Port Huron's Road Trip Odyssey

Buying the 1915 Port Huron engine was easy – getting it home was another story.


| July 2005



PortHuronmachineryadvertised.jpg

Right: Part of an advertisement for Port Huron machinery advertised in Power Farming magazine, 1917.

This 1915 Port Huron 24-75 HP Woolf tandem-compound steam traction engine was added to the collection of the Western Minnesota Steam Threshers Reunion (WMSTR) in 1976. Perhaps the first Port Huron traction engine west of the Mississippi, the story of how the 20,700-pound Port Huron came to Rollag, Minn., is as interesting as the machine itself.

Bob Brekken, longtime editor of WMSTR's official handbook, Memories of Bygone Years, says he had wanted a steam engine ever since he rode on his grandfather's Reeves steam traction engine many years ago at Watertown, S.D. "I carried the incurable steam engine disease in my bloodstream," he says.

Bob's disease was aided and abetted by his good friend Norman Nelson, who suggested Bob buy a Port Huron not only because it was a good brand of machinery, but also because he doubted any steam show west of the Mississippi had one. "When the time arrived that I had enough funds to get into the steam engine business," Bob says, "Norman brought out several recent issues of steam magazines and we examined the classified sections."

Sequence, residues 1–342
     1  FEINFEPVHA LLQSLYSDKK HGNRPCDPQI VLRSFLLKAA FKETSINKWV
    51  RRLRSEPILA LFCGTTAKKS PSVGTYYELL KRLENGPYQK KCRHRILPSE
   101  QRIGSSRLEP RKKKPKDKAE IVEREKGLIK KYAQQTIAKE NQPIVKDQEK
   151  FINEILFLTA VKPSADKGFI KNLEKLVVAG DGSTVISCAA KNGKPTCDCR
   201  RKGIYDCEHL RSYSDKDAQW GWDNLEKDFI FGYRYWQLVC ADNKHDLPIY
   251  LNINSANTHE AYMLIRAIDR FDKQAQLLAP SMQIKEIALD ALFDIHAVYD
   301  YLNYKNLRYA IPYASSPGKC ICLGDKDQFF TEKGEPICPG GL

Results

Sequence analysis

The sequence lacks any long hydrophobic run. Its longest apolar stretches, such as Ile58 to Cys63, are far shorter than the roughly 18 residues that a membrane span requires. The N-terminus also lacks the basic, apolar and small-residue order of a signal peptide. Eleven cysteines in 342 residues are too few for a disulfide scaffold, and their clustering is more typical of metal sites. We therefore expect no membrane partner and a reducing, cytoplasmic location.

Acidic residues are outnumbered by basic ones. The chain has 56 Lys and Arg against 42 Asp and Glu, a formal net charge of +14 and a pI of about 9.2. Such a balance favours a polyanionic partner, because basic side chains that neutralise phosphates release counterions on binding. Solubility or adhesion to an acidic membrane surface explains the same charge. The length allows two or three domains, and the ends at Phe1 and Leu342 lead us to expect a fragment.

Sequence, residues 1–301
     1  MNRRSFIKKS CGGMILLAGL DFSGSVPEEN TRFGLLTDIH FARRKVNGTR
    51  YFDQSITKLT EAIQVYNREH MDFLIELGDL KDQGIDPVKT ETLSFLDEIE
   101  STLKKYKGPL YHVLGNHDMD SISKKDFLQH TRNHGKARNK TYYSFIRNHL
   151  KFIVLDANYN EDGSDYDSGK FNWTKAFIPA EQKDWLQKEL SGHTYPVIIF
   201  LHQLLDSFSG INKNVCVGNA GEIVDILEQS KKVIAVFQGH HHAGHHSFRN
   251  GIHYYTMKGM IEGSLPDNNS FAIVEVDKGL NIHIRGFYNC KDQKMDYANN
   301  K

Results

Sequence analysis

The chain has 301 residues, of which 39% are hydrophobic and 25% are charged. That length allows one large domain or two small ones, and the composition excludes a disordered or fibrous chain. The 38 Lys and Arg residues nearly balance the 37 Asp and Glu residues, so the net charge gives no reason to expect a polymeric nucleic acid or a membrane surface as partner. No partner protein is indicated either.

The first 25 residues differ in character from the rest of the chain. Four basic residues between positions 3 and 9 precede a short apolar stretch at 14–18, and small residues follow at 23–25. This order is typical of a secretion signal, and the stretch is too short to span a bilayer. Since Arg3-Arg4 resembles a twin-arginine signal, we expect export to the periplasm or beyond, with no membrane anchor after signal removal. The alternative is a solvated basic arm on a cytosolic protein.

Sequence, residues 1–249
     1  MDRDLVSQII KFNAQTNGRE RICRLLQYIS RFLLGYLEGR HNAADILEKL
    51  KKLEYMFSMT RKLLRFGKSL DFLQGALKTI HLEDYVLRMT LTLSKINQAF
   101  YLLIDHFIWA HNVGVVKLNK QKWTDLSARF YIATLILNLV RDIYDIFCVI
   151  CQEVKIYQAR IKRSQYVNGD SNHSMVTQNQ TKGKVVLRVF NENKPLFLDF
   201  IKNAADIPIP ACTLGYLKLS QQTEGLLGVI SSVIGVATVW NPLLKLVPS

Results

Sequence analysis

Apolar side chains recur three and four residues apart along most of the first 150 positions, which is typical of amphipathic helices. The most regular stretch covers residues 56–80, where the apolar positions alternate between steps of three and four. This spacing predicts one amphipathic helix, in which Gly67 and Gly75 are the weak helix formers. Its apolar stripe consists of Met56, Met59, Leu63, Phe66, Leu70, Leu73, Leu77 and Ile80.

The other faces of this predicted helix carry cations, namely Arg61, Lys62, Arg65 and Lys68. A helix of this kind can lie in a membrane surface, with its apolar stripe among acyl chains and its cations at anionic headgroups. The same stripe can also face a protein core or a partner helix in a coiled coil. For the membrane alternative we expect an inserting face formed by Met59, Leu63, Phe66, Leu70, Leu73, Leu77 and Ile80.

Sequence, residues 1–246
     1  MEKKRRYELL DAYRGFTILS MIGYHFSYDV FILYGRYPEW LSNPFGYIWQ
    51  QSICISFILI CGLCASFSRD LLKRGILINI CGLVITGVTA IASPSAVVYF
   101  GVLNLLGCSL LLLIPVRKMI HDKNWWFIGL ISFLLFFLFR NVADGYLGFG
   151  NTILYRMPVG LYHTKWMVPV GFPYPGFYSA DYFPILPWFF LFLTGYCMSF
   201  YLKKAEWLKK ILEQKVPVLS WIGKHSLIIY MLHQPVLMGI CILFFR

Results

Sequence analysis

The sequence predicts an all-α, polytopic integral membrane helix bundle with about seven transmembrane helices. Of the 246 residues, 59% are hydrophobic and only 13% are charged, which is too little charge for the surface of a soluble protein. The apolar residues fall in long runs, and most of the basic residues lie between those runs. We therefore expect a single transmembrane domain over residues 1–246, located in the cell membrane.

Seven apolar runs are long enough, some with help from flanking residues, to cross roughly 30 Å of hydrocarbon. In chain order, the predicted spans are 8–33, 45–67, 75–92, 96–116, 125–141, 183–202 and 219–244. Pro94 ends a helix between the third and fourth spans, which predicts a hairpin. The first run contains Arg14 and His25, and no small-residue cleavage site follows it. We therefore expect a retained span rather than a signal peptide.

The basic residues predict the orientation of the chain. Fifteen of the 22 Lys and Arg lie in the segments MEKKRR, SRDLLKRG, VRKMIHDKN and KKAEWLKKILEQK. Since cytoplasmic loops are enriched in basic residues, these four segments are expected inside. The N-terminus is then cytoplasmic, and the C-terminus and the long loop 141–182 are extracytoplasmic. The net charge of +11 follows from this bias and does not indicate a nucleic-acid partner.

They found Port Hurons for sale in Michigan, Illinois and Indiana, called for details, and after a while decided on the 24-75 HP owned by Stanley Forwood of White Cloud, Mich. After coming to an agreement, in October 1976 they organized the trip to pick up the engine.

BACKGROUND

Port Huron Engine & Thresher Co. began with the manufacture of threshers starting in 1851. It was the first thresher shop in the state, under the tutelage of William Brown, at Battle Creek, Mich. Eight years later, the company merged with a concern run by James Upton and became known as Upton, Brown & Co., and then in 1874 became Upton Mfg. Co.

As with many companies of the time, it was a family affair: Upton's brother Parley was a partner, as was Upton's son-in-law, Henry M. Strong. Seventy-five people worked in the plant making the company's Michigan Sweepstakes Threshing Machine, which was sold throughout the wheat-producing states of Illinois, Iowa, Minnesota and Missouri.